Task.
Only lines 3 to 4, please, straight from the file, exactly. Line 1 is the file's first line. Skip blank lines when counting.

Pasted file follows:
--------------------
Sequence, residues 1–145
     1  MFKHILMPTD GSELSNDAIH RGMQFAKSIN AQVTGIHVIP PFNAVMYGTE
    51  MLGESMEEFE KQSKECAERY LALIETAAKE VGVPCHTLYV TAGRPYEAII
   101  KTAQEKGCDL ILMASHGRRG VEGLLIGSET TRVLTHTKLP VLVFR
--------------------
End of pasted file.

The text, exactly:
    51  MLGESMEEFE KQSKECAERY LALIETAAKE VGVPCHTLYV TAGRPYEAII
   101  KTAQEKGCDL ILMASHGRRG VEGLLIGSET TRVLTHTKLP VLVFR